GORDON BROWN left Downing Street for the final time last night, closing the door on a political career that spanned 27 years.
Flanked by wife Sarah, he delivered a gracious resignation speech in front of Number 10 in which he said it had been a “privilege to serve” as Prime Minister.
He said: “I have been privileged to learn much about the very best in human nature, and a fair amount too about its frailties, including my own.
“I loved the job, not for its prestige, its title and its ceremony, which I do not love at all. No, I loved this job for its potential, to make this country I love fairer, more tolerant, more green, more democratic, more prosperous and more just – truly a greater Britain.”
On Monday, he said he would stay on as Prime Minister until September if coalition talks between the Liberal Democrats and Labour proved fruitful.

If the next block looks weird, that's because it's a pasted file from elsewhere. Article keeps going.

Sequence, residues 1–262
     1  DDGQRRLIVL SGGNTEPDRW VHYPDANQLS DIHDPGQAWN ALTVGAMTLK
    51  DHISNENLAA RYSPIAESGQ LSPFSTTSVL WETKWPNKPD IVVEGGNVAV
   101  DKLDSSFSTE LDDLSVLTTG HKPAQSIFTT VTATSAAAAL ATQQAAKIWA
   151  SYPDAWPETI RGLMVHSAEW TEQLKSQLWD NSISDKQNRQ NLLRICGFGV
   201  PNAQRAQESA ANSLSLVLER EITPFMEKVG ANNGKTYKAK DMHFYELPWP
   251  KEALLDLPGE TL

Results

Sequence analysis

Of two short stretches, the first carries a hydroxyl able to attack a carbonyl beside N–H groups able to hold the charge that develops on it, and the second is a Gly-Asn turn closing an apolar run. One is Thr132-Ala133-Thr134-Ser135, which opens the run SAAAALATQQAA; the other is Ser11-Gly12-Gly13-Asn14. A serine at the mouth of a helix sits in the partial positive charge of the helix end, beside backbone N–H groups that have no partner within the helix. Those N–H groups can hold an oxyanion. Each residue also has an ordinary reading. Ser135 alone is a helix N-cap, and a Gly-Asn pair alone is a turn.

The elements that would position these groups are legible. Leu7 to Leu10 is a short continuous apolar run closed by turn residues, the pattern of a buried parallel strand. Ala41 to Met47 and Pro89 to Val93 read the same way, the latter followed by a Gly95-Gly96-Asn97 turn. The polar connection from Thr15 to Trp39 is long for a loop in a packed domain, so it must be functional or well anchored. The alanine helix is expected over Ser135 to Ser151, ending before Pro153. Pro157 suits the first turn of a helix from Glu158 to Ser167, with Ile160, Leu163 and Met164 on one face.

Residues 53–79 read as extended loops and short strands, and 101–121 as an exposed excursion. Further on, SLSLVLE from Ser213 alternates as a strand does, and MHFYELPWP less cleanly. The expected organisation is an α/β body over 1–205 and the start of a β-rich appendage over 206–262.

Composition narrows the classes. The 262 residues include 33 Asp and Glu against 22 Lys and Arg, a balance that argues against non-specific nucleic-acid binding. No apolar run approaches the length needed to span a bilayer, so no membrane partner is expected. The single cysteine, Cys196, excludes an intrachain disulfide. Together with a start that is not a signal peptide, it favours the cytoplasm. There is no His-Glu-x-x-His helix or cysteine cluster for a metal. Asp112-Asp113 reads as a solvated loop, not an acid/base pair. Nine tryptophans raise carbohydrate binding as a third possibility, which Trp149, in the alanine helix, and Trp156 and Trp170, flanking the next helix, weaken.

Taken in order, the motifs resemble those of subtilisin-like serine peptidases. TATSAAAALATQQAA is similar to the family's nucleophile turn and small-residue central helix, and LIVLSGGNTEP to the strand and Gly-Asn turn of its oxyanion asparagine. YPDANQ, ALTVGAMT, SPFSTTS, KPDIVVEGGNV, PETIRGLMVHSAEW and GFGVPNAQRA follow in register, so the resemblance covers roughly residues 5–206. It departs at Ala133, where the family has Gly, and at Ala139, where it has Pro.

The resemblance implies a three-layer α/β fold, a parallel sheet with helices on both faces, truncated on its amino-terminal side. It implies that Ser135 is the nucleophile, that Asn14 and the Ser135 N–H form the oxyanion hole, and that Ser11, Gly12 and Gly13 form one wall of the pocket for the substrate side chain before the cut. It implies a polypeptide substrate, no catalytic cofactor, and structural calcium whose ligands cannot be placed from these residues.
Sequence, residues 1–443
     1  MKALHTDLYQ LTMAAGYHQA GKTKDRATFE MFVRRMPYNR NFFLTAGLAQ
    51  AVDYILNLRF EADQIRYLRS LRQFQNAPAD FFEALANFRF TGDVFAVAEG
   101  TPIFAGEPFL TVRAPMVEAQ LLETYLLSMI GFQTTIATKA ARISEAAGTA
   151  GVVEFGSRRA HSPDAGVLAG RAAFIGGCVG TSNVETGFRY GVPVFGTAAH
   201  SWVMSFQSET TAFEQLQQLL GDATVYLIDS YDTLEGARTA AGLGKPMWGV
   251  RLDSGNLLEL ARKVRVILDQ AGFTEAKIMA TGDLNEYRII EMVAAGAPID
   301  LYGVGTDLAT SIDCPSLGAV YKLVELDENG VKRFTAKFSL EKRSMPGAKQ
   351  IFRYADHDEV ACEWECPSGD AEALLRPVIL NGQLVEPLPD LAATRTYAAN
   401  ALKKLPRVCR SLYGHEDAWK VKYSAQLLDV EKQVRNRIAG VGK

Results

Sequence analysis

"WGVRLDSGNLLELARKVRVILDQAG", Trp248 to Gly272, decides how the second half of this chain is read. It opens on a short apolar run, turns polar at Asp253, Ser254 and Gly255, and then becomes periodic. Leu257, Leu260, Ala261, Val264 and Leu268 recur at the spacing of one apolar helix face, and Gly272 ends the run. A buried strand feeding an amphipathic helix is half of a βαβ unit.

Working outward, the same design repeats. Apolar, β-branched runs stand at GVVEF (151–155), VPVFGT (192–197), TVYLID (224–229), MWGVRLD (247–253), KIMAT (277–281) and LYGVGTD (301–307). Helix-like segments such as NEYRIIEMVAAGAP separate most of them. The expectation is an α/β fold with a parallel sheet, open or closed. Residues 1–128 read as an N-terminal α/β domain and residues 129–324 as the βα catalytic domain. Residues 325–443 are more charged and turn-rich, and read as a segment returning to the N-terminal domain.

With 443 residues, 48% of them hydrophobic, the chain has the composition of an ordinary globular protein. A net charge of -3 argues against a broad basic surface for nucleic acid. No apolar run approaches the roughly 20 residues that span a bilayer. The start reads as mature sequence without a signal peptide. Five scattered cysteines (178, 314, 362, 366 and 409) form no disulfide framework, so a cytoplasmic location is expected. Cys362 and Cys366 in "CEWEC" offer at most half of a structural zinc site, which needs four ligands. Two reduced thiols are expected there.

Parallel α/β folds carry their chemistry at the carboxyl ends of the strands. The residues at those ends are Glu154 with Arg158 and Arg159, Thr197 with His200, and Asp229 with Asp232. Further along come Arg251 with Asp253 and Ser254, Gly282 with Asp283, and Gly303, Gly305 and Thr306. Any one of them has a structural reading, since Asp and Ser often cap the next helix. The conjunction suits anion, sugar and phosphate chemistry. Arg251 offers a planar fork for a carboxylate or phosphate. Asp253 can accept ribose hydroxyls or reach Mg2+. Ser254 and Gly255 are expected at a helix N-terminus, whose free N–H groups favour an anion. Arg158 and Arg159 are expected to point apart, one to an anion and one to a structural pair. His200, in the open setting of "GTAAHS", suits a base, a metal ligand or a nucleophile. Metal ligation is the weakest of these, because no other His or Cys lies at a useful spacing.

But after the Tories brokered a power-sharing deal with the Lib Dems, he decided to step down while also announcing his immediate resignation as leader of the Labour party. It is not yet clear whether he will continue as MP for Kirkcaldy and Cowdenbeath.
Paul Sinclair, a friend and former adviser to Brown who is now managing director of public affairs firm Hill & Knowlton, told City A.M. that Brown decided he would stand down as early as Friday morning, when it became clear that Labour had been defeated in the election.
Sinclair said: “He made his decision independently. There were three unsuccessful attempts to get rid of him and he paid no notice. This was no different.”
Sinclair, added that Brown would be leaving Number 10 with “undoubted sadness” but that he “won’t be bitter”, taking heart from the fact that “at least he’s leaving the Labour party in a better shape than he entered it”.